Some of Bill’s stories made it easy for Doug to recognize the man he calls Dad.
“He always talked about (how) he was a ranking NCO, non-commissioned officer, and in the cafeteria at lunches and dinners, nobody could leave the table until the ranking officer left,” Doug said. “He was a very slow eater; the guy could chew forever.
“They’d always be sitting there for an extra 30 minutes waiting for him to eat, and it never made them too happy.”
Doug laughed at the thought as if he knew their frustrations all too well.
After he was discharged from the Army in 1946, Bill resumed a life that war had interrupted. He went back to college and graduated from the University of Wyoming with a business degree in 1948. He married Iris Bryan of Sundance in 1949.
He taught high school briefly in Buffalo, then went into business with his father-in-law at The Model Grocery in Sundance, first going in halfway as a partner and eventually buying his father-in-law’s share of the business. Bill eventually sold the store in 1957, at which time he went to Casper to work for Pan American Petroleum and Transport Co. for three years.
In 1960, he went into the clothing and furniture business with his father in Moorcroft, in the building that now houses Diehl’s Supermarket on North Bighorn Avenue. He eventually also bought his father’s share of the business.
Doug said his father in many ways lived an idyllic vision of the American Dream that thrived in the post-war years. He retired young, Doug said, at just 55 years old. The business acumen and frugality he’d exhibited since the war made that possible.
“He sent all of his military paychecks — he kept a tiny amount — and sent them all home to his dad to buy cattle for him,” Doug said. “His dad had a tiny ranch.”
The cattle were waiting on Bill when he got home from the service in 1946.
“And he sold them as needed to go to school,” Doug said.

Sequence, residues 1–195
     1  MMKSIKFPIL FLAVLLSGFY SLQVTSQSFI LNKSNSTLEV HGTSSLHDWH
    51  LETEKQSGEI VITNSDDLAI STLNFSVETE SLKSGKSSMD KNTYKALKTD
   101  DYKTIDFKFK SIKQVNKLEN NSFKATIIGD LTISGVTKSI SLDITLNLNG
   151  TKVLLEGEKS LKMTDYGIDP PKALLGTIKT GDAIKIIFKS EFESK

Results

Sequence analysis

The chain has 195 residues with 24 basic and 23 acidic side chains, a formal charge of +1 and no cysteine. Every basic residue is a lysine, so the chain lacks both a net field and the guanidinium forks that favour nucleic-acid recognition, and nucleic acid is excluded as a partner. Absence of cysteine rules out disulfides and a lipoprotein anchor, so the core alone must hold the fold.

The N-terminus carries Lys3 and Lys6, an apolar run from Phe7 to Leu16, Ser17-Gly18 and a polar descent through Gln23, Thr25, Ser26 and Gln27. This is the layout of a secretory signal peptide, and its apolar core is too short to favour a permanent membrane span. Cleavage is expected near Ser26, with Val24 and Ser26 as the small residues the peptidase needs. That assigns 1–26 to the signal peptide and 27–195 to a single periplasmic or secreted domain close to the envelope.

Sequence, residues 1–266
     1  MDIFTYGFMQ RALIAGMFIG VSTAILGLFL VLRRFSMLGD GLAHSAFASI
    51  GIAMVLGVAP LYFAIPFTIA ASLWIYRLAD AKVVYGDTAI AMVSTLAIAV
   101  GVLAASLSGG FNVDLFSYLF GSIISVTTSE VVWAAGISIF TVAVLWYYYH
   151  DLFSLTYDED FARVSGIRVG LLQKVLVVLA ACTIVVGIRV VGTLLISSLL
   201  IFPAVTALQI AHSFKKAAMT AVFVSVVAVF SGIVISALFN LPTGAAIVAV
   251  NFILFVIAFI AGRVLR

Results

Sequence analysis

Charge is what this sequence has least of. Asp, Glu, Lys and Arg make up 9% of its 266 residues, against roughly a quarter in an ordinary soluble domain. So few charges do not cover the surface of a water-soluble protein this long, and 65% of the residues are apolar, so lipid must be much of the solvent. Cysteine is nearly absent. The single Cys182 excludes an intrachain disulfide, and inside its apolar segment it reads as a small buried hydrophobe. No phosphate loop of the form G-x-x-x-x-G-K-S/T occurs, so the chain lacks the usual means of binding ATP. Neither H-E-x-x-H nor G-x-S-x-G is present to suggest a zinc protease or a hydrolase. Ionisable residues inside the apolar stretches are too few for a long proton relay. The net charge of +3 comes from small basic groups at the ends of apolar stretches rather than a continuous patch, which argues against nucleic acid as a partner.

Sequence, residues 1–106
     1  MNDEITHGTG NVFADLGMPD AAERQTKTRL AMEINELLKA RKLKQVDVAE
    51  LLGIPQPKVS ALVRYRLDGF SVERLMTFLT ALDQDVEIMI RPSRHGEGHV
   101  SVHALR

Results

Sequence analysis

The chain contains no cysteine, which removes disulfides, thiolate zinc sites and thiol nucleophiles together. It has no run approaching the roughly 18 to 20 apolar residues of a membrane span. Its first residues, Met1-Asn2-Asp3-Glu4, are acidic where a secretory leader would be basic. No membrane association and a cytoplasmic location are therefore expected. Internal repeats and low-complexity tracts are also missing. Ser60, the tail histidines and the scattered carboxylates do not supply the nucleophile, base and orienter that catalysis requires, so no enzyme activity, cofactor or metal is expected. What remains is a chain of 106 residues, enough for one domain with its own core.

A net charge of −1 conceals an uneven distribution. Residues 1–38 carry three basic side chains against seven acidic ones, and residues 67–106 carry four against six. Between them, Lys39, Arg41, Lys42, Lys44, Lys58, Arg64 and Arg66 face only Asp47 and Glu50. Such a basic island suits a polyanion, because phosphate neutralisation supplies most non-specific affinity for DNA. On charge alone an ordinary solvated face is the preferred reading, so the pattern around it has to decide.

Lifetime of service
Doug is convinced that his military service shaped the man he knew as father.
“It gave him a tremendous amount of organization and dedication,” Doug said. “He was a very successful businessman. He was very goal-oriented. He was very public-oriented. He was mayor of Moorcroft, councilman of Moorcroft, school board. I guess he volunteered a lot.”
Bill’s experience in World War II affected him, made him critical of war.
“I know he was very proud of his service,” Doug said. “He hated war. He hated the wars in Vietnam and Korea because he thought we were sacrificing a lot of lives in wars we weren’t really trying to win.”
Doug himself came of age during the Vietnam War in particular.
“I had a 2-S college deferment,” Doug said. “As long as I stayed in school, didn’t get expelled and kept my grades up, you had a 2-S. It had changed somewhat because I didn’t go to college until 1970, so there wasn’t a mandatory draft like the guys from ’66 to ’70. I never went. I never went into the military.”
As a result, Doug has no war stories of his own, only his father’s.
While Bill is 99, his son is nearing age 70 and when pressed to think about it, can’t remember many other stories about his father’s service in the war. It’s not because his memory fails him. It’s because those were all the stories he was told.
A reluctance to talk about or relive the horrors of war is something many veterans who have seen it have in common.
Could Doug have asked for more? Surely. Should he have asked for more? He’s not quite sure.
“That’s a tough question,” Doug said. “That era of men, it was mostly men then, they didn’t talk about it unless asked. Dad talked about some of the things I told you, and maybe that’s my fault for not asking him more, but it wasn’t a subject that he just brought up.”
With his father now in his twilight years, Doug knows new stories won’t be forthcoming. He knows his memories represent more than just his own.
“He was a good man,” Doug said. “Well, he is a good man. He’s just not the same man anymore. He can’t really communicate anymore.”
Do the stories Doug remembers represent the totality of his father’s World War II experience? Most definitely not. Were they the most consequential and important stories? Possibly not. Are they enough, in number, in substance, as a record of one veteran’s legacy?
Regardless of the answer, Doug knows they’ll have to be.
There won’t be patients in the Close to Home Hospice House anytime soon.
Campbell County Health has announced a new timeline for the suspension of its inpatient hospice services at the Gillette facility.